"This wide definition will no doubt be of great concern to all duty holders, and the HSE's further guidance on the issue is keenly awaited."

The definitions of ‘material' and ‘technical' breaches are, in practice, likely to be blurred, according to Haines.

"While there may be an initial effort to check that written documentation is in order, we may find that punitive action is taken against those businesses that don't back up what is written in risk assessments with tangible measures to eliminate, reduce and control the risks," he says.

"For example, the HSE has promoted the use of ladder policies and, although we find on some risk management surveys that a policy has been established, this falls apart because auditing and information, instruction and training is not strong enough.

"We find the average manufacturing site is littered with ladders left idle. This is a simple policy to get right. But so often we find it is poorly implemented."

What is puzzling health and safety experts everywhere appears to be the confusion between administrative charges in the form of FFI and the lack of due legal process likely to be taken by the HSE when doling them out.

Hulmes explains: "Health and safety legislation is criminal law and must be subject, among other things, to due legal process, including sufficient evidence, public interest, proof of a breach beyond all reasonable doubt, and an independent courts process.

"This proposal changes the current ‘administrative' nature of the warnings and notices and, by way of charging, makes them more accountable and subject to the criminal law provisions.

"To suggest, as has been by done the Minister for Work and Pensions, that the recovery of fees would be a civil action is misleading."

However, despite Hulmes' warning, the HSE rejects these concerns, saying that costs under FFI are "only recoverable through the civil courts, as is normal with debt recovery, rather than through the criminal courts".

Hulme is, therefore, convinced this will be challenged. "The civil court would be asked to make a judgment on a criminal matter, which has not been through the criminal procedure," he says.

"Therefore, the proposal to merely ‘announce a breach' - which is effectively ‘guilt', in the opinion of the inspector - and charge would not be legally acceptable and could lead to alleged breaches based on hypothetical possibilities, where there may be no clear prime facie case.

"This is particularly difficult due to the enabling nature of health and safety legislation, which includes opinion or judgment on phrases such as ‘so far as is practicable', ‘so far as is reasonably practicable', ‘suitable and sufficient' and terms such as ‘competence', ‘imminent danger' and ‘risk of injury' among others."

Yet there are no legal questions about implementation. "FFI will commence at the next available opportunity, which is expected to be October2012," the HSE spokesman says.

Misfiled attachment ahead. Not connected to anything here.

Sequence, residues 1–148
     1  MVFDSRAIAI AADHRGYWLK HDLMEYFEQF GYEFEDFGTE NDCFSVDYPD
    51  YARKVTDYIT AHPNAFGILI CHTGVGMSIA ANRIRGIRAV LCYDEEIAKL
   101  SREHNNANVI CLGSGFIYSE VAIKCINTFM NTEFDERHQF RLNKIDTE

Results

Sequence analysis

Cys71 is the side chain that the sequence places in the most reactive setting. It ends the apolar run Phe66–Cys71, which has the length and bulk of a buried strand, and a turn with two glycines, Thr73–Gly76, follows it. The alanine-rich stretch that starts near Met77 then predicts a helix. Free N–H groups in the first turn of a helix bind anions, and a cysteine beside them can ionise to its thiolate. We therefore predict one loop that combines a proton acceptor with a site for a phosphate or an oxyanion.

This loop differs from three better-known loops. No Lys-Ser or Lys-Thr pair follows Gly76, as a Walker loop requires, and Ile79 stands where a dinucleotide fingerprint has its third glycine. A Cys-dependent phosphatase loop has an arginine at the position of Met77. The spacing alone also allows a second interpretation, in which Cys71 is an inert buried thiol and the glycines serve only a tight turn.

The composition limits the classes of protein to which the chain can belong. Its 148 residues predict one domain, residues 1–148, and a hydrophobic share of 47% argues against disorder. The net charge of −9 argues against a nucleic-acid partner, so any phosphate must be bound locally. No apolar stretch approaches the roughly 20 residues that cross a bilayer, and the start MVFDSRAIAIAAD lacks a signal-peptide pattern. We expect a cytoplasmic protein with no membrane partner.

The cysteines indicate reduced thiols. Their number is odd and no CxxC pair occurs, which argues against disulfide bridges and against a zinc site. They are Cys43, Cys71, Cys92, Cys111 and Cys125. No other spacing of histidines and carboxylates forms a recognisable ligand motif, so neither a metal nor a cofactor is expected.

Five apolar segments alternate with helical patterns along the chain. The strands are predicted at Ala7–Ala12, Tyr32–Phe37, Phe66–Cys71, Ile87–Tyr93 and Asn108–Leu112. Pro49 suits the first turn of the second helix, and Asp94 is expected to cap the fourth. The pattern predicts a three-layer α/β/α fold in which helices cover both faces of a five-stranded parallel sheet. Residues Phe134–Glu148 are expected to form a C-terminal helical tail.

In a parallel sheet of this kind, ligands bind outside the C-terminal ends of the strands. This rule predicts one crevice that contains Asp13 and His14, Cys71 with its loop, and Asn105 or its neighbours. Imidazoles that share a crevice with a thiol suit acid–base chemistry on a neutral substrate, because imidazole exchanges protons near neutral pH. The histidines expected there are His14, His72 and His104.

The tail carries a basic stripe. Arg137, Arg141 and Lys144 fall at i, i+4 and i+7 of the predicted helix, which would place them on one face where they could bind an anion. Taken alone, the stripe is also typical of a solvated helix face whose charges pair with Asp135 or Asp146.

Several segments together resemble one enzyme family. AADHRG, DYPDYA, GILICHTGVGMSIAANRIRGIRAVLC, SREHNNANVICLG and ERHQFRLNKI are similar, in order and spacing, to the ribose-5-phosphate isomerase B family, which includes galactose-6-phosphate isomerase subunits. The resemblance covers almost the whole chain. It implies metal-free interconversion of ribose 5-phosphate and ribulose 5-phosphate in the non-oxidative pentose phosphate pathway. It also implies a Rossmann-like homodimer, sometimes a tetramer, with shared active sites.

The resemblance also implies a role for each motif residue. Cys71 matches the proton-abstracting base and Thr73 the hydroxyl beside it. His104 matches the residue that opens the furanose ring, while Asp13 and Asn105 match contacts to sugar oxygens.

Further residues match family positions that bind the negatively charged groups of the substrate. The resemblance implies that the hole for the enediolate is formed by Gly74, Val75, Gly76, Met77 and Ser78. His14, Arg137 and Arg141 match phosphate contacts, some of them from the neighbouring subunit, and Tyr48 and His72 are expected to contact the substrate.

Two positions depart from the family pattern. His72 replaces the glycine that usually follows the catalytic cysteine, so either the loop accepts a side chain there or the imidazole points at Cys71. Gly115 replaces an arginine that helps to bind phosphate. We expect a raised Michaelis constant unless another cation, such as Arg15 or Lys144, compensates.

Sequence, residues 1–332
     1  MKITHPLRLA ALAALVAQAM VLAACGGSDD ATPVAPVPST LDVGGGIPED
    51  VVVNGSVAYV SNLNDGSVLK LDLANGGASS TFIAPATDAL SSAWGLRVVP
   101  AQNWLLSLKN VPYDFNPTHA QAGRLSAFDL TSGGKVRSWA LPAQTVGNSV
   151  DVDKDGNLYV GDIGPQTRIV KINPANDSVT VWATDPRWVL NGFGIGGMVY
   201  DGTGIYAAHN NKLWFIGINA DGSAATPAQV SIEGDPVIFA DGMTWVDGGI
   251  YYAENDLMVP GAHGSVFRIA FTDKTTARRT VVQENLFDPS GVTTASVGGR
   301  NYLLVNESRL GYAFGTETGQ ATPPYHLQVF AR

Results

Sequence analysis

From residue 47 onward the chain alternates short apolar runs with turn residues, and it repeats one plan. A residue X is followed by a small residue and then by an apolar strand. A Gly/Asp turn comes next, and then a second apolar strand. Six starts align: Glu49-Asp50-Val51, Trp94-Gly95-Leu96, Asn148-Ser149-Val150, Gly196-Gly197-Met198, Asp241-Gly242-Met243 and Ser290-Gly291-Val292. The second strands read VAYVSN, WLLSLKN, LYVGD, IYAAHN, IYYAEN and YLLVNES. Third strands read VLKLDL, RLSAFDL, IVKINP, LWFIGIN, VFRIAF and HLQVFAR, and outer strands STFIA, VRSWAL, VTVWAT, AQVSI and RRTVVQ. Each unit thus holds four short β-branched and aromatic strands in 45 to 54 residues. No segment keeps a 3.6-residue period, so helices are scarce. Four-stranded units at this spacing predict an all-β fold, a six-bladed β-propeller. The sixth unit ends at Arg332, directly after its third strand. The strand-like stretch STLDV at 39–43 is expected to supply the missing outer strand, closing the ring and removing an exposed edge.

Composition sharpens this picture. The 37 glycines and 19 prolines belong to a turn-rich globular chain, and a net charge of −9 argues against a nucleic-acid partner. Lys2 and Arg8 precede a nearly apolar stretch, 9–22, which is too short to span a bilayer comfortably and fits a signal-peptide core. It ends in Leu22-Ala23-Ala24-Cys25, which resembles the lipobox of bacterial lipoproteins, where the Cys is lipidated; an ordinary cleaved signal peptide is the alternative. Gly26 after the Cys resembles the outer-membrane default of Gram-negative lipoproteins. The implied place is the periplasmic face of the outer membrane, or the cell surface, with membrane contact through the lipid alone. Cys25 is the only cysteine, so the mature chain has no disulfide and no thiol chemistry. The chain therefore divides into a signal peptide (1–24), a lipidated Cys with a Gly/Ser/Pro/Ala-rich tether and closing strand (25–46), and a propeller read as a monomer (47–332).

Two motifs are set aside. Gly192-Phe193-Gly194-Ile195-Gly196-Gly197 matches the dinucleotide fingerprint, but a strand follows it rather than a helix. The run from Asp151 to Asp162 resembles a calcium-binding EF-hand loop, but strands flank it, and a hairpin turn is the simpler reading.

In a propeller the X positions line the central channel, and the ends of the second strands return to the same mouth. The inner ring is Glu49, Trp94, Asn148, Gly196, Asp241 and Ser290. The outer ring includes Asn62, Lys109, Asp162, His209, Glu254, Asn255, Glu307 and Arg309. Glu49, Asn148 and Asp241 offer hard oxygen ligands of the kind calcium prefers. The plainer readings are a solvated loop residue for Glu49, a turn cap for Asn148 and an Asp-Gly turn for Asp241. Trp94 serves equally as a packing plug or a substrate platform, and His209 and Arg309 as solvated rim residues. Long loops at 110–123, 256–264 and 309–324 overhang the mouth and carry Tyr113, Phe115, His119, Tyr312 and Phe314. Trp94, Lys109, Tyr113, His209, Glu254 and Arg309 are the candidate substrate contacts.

"We need to conclude discussions about technical issues associated with the scheme. These are standard inter-departmental discussions associated with technical accountancy issues and not about the substance of the scheme itself. There was insufficient time to complete the parliamentary processes for an April implementation date."

Changing dynamic
Undoubtedly, the dynamic between inspectors and the inspected will change once FFI is implemented.

Mark Savill, a partner at Lyons Davidson, says: "The relationship between inspectors and duty holders is likely to be put under increased strain. Pressures that are absent now will be placed upon both sides."

The HSE has promised detailed guidance for employers and organisations on its website ahead of implementation, explaining how FFI will work and what it means by ‘material breach', and says it will include examples of material breaches in different situations.

But Haines urges companies to prepare for the HSE to take a robust stance. "UK businesses need to invest in more information, instruction and training, and integrate health and safety within the management structure," he says.

"Health and safety officers require support and resources to counter aggressive inspection by the HSE. Further cutbacks within the HSE will provide incentives for an overzealous, punitive approach."

While engineering insurers' gripes with FFI have been clearly aired, the concerns of liability insurers - as it is they who compensate for employers' negligent actions - appear to have taken a back seat on the issue.

For example, coming as this does at the same time as the Health and Safety Review carried out by Professor Löfstedt, it is worth acknowledging that there are now two million sole traders that are about to be exempt from health and safety provisions.

This government-led "assault on the health and safety culture" has apparently misinterpreted its own report recommendations, according to Hulme.

"This was not what Professor Löfstedt meant, as he was at pains to explain to the minister that this should only exempt those in low-risk activities, for example those working from home, such as web designers," he explains.

"It was never meant to exclude the sole trader car mechanic, carpenter, electrician or construction site consultant, but this appears to have been misinterpreted and swept up with the political agenda to reduce ‘the burden of health and safety' on business."

Out from under the radar
So, with the FFI regime likely to have an impact only on larger businesses in terms of employers' liability insurance, Milton says the market would be advised to keep an eye on this area to ensure it doesn't have insureds that effectively come out from under the radar.

"I get what the government is trying to do - simplify processes and make sure health and safety is not too onerous for small businesses - but everyone in the workplace has an obligation to manage health and safety for themselves and their employees," he says.

"You could imagine that liability insurers would mirror that view and expect them to be able to demonstrate it. In terms of monitoring the efficacy of health and safety management in smaller businesses, perhaps this is something the insurance companies need to source comfort from elsewhere."

With two million small businesses subject to no health and safety inspections at all, a vacuum could be created that leaves insurers significantly exposed, unless the private inspections sector, including the likes of engineering insurers, pick up the slack.

This is certainly a space for insurers to watch in the immediate future.